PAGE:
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Triclosan, an extensively used antimicrobial agent, enters agroecosystems when sewage sludge and reclaimed water are applied to agricultural fields, and may trigger a series of plant physiological and biochemical responses. However, few studies have investigated the mechanism by which plant development is affected by triclosan. Here, microscopic, pharmacological and biochemical analyses, and histochemical dye staining were used to explore the effects of triclosan on root growth in wheat plants. Exposure to triclosan inhibited root elongation, and significantly triggered hydrogen peroxide (HO) production and lipid peroxidation in wheat roots. The inhibition of root growth by triclosan was reversed by dimethylthiourea, a HO scavenger, indicating that alterations of endogenous HO concentrations in root cells were likely linked to triclosan-induced root growth inhibition. The addition of butylated hydroxyanisole, a lipophilic antioxidant, during triclosan treatment completely prevented the increase of lipid peroxidation, but did not alleviate triclosan-induced reduction of root growth. In triclosan-treated wheat roots, the level of indole-3-acetic acid decreased by 68.3%, while the contents of two indole-3-acetic acid oxidative metabolites, indole-3-aldehyde and indole-3-carboxylic acid, increased by 71.3% and 314.4%, respectively. Moreover, the oxidation of auxin induced by triclosan in wheat roots was prevented by dimethylthiourea. These results together suggested that the triclosan-enhanced production of HO induced auxin oxidation, thus leading to the suppression of root growth. Findings of this study improve our mechanistic understanding on how antimicrobial agents such as triclosan affect plant root growth.
This article was published in the following journal.
Name: Environmental pollution (Barking, Essex : 1987)
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To determine the effectiveness of combining different concentrations of hydrogen peroxide and carbamide used during tooth bleaching.
To evaluate the efficacy, safety and impact on quality of life related to oral health of home and office tooth whitening techniques in young individuals.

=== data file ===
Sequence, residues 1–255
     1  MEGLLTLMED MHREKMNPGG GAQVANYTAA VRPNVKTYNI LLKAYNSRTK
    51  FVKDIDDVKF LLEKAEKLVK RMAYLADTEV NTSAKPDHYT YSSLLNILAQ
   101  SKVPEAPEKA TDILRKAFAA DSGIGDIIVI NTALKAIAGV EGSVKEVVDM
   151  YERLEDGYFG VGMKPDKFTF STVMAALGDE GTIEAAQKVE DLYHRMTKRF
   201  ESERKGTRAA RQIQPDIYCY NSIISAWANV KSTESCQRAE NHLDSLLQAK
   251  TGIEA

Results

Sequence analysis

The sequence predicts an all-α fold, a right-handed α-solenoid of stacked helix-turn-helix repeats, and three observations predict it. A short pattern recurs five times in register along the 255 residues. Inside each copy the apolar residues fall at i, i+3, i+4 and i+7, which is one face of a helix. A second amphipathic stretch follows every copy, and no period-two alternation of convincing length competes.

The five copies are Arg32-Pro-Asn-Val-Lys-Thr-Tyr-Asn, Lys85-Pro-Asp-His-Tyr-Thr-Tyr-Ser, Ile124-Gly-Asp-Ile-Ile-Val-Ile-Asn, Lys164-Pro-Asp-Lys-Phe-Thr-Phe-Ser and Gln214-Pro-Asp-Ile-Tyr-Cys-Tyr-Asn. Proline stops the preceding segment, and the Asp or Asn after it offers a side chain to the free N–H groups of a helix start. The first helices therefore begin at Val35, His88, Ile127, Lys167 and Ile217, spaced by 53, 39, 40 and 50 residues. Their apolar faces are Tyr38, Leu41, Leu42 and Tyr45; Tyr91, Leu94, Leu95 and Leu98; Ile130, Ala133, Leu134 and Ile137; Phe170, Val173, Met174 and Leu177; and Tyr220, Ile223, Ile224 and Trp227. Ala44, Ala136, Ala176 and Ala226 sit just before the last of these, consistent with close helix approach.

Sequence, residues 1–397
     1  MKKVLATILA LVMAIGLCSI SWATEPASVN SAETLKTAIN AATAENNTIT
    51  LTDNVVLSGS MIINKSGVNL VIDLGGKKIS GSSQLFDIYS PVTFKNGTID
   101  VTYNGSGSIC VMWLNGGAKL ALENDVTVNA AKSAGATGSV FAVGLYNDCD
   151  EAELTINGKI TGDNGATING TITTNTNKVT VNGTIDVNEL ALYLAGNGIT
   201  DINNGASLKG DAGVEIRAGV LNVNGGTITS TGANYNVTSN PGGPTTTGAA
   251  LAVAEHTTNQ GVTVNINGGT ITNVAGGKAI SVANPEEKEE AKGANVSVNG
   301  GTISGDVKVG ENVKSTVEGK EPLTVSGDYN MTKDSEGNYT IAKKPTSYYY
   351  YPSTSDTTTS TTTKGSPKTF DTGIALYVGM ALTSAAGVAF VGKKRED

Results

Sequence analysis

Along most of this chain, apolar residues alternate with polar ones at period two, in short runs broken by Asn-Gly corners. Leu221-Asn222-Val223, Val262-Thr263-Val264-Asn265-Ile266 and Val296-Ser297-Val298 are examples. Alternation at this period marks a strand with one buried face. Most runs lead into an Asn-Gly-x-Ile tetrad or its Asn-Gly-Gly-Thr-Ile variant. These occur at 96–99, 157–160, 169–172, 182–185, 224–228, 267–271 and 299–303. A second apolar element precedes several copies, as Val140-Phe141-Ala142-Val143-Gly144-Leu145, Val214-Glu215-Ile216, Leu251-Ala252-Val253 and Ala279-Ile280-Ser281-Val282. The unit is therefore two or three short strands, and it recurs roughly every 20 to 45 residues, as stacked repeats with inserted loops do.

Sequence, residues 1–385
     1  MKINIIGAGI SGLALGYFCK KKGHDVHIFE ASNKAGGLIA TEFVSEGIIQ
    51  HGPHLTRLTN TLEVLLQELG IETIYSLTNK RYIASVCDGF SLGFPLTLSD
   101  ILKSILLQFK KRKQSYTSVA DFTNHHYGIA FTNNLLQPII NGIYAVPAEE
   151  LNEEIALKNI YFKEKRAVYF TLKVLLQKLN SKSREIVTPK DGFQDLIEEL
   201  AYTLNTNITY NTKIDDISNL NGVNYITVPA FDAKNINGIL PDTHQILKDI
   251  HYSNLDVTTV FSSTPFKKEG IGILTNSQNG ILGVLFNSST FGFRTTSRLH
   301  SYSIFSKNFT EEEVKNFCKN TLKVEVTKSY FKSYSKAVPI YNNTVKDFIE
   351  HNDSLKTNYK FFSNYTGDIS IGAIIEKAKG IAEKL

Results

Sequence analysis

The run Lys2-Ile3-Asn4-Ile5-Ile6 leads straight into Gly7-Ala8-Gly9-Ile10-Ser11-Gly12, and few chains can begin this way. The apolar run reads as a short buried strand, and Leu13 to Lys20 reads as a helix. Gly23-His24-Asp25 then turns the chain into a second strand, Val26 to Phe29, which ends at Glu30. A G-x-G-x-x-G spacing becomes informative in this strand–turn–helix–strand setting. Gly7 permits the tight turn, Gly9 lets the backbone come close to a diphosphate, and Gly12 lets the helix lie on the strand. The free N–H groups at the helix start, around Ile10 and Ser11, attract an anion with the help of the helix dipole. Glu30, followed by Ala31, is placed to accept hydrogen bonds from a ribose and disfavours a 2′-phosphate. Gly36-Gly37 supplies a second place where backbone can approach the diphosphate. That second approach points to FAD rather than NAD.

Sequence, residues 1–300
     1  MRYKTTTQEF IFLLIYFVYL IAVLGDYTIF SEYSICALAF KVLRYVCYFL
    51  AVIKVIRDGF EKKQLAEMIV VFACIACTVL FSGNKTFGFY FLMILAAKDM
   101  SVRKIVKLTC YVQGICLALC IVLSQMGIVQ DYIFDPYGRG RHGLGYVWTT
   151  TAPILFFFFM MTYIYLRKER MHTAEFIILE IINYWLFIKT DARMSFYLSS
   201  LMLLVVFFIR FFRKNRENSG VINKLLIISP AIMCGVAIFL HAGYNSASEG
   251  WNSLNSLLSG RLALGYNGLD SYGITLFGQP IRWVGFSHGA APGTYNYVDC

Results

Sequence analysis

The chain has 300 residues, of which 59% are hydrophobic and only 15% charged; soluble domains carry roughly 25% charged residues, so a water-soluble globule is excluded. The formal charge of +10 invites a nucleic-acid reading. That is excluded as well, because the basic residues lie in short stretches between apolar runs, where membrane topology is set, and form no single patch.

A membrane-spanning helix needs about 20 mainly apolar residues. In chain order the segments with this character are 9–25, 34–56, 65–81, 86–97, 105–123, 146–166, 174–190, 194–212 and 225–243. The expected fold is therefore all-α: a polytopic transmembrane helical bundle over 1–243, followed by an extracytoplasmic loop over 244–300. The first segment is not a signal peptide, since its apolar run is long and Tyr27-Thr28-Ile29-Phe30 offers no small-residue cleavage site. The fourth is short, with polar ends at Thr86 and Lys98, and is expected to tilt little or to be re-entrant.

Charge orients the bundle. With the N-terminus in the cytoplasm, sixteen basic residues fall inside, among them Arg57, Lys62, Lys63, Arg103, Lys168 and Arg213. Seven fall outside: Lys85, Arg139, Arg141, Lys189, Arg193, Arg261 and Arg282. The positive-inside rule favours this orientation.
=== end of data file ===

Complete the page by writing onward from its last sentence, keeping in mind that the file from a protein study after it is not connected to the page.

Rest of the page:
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Chemicals used mainly to disinfect root canals after pulpectomy and before obturation. The major ones are camphorated monochlorophenol, EDTA, formocresol, hydrogen peroxide, metacresylacetate, and sodium hypochlorite. Root canal irrigants include also rinsing solutions of distilled water, sodium chloride, etc.
An oxidoreductase that catalyzes the reaction between superoxide anions and hydrogen to yield molecular oxygen and hydrogen peroxide. The enzyme protects the cell against dangerous levels of superoxide. EC 18.104.22.168.
A hemeprotein which catalyzes the oxidation of ferrocytochrome c to ferricytochrome c in the presence of hydrogen peroxide. EC 22.214.171.124.
Peroxidase catalyzed oxidation of lipids using hydrogen peroxide as an electron acceptor.
An enzyme of the oxidoreductase class that catalyzes the conversion of beta-D-glucose and oxygen to D-glucono-1,5-lactone and peroxide. It is a flavoprotein, highly specific for beta-D-glucose. The enzyme is produced by Penicillium notatum and other fungi and has antibacterial activity in the presence of glucose and oxygen. It is used to estimate glucose concentration in blood or urine samples through the formation of colored dyes by the hydrogen peroxide produced in the reaction. (From Enzyme Nomenclature, 1992) EC 126.96.36.199.